In his blog, he also condemned the abuse received by St Mary’s Cathedral.
Police are investigating offensive online messages aimed at the church.

Read it all.

Posted in * Anglican - Episcopal, * Christian Life / Church Life, * International News & Commentary, * Religion News & Commentary, Anglican Provinces, Christology, England / UK, Inter-Faith Relations, Islam, Liturgy, Music, Worship, Muslim-Christian relations, Other Faiths, Scotland, Scottish Episcopal Church, Theology, Theology: Scripture

Scottish Primus David Chillingworth's Statement regarding the Koran reading in St Mary’s Cathedral

“The decisions which have led to the situation in St Mary’s Cathedral are a matter for the Provost and the Cathedral community but the Scottish Episcopal Church is deeply distressed at the widespread offence which has been caused. We also deeply regret the widespread abuse which has been received by the Cathedral community.

“In response to what has happened at the Cathedral, the Scottish Episcopal Church will bring together all those who are involved in the development of interfaith relations. Our intention will be as a Church to explore how, particularly in the area of worship, this work can be carried forward in ways which will command respect. Our desire is that this should be a worthy expression of the reconciliation to which all Christians are called.”

Read it all.

Posted in * Anglican - Episcopal, * Christian Life / Church Life, * Culture-Watch, * Religion News & Commentary, Anglican Provinces, Books, Inter-Faith Relations, Islam, Liturgy, Music, Worship, Multiculturalism, pluralism, Muslim-Christian relations, Other Faiths, Scottish Episcopal Church, Theology

Qur’an in the Eucharist? The Provost of Glasgow Cathedral subverts Christian revelation

The flaw in his approach is that while the Muslims who chose the reading seem to have been only too aware of the differences, and chose to declare them in their Koranic reading during the Christian worship, the Provost, on the other hand, appears to have been unaware.

When asked if he had known what the passage of the Koran said about Jesus, how it denied what Christians hold central to their faith, he “declined to comment further”.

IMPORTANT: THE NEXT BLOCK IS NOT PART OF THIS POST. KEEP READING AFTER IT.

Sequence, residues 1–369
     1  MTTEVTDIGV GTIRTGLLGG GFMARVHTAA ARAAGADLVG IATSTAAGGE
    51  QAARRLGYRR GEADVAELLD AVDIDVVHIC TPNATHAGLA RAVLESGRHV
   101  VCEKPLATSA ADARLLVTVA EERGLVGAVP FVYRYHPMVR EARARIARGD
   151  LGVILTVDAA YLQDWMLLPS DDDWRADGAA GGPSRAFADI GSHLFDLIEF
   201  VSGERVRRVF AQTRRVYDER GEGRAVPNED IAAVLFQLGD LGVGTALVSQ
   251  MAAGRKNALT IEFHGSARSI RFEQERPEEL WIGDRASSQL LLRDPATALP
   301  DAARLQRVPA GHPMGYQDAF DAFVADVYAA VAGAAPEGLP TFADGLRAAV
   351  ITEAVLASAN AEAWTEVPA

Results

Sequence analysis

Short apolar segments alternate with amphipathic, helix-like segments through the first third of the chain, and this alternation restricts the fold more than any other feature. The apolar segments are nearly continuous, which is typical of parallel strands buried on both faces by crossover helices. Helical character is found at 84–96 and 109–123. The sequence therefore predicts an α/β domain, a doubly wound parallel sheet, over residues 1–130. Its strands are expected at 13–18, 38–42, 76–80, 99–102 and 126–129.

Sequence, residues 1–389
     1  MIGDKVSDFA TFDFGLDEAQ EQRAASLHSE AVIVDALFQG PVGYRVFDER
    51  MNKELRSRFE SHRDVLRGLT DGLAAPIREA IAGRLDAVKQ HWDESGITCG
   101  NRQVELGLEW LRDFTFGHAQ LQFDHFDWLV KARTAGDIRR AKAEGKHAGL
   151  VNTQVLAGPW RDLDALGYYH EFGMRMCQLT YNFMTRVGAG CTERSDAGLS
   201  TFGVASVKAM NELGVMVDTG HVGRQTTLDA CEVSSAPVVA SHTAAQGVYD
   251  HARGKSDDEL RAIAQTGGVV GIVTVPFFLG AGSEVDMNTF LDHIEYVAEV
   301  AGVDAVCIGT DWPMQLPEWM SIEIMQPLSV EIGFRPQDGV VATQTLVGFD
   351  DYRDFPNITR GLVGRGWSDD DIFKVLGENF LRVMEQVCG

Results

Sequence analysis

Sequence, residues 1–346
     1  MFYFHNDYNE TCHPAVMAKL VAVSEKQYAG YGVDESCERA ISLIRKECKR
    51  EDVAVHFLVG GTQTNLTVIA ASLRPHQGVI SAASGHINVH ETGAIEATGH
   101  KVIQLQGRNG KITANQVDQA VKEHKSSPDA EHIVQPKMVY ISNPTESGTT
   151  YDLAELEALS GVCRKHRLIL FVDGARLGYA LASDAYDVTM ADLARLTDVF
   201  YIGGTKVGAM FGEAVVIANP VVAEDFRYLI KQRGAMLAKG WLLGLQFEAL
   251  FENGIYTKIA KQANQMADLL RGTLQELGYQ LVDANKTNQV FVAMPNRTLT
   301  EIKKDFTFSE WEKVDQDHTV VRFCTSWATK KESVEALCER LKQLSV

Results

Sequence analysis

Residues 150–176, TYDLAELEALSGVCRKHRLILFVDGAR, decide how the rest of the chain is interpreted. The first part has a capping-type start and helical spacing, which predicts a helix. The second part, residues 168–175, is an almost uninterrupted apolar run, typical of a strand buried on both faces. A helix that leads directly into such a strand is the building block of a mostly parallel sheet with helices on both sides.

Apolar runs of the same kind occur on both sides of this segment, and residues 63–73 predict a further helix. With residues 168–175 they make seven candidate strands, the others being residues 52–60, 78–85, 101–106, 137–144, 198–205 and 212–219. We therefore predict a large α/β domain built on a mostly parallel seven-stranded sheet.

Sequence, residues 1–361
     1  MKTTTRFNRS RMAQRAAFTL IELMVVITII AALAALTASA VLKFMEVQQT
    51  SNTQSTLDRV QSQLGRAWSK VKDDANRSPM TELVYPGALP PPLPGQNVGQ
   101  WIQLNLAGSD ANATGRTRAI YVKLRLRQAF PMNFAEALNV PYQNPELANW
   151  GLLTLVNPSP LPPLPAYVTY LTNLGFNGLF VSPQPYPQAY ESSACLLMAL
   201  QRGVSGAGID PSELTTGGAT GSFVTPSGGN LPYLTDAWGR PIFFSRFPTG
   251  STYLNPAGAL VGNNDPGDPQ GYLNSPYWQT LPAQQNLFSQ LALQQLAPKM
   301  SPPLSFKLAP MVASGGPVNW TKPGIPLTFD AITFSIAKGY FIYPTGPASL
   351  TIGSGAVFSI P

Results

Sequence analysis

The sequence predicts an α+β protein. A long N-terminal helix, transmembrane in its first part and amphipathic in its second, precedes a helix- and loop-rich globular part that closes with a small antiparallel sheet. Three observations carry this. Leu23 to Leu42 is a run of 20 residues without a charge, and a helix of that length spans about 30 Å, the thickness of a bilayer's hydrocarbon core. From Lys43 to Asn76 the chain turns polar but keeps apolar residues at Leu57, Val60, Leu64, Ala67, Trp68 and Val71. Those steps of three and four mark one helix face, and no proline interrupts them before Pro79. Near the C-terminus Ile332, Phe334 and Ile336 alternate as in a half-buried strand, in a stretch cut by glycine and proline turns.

This was not, then, “a dialogue about the ways we differ”. It was not even a strategy of parity. If there had been a conversation in which he had said, “Let us insert into each other’s worship and prayers readings from our sacred scriptures which confront and contradict each others’ faith”, how would the Islamic community have responded? We will never know, because the exercise was not actually the one he claimed it to be.

Read it all from Gavin Ashenden.

Posted in * Anglican - Episcopal, * Culture-Watch, * International News & Commentary, * Religion News & Commentary, Anglican Provinces, Books, Christology, England / UK, Inter-Faith Relations, Islam, Muslim-Christian relations, Other Faiths, Religion & Culture, Scottish Episcopal Church, Theology

Bp Michael Nazir-Ali Condemns Koran Reading At Anglican Cathedral Epiphany Service

But Nazir-Ali, former Bishop of Rochester condemned the reading and called for discipline against those involved.

“The authorities of the Scottish Episcopal Church should immediately repudiate this ill-advised invitation,” he said in a statement.

He also called for the Archbishop of Canterbury, Justin Welby, to publicly distance the Church of England and the wider Anglican Communion from the event.

” Christians should know what their fellow citizens believe and this can include reading the Qur’an for themselves, whether in the original or in translation. This is not, however, the same thing as having it read in Church in the context of public worship,” he said.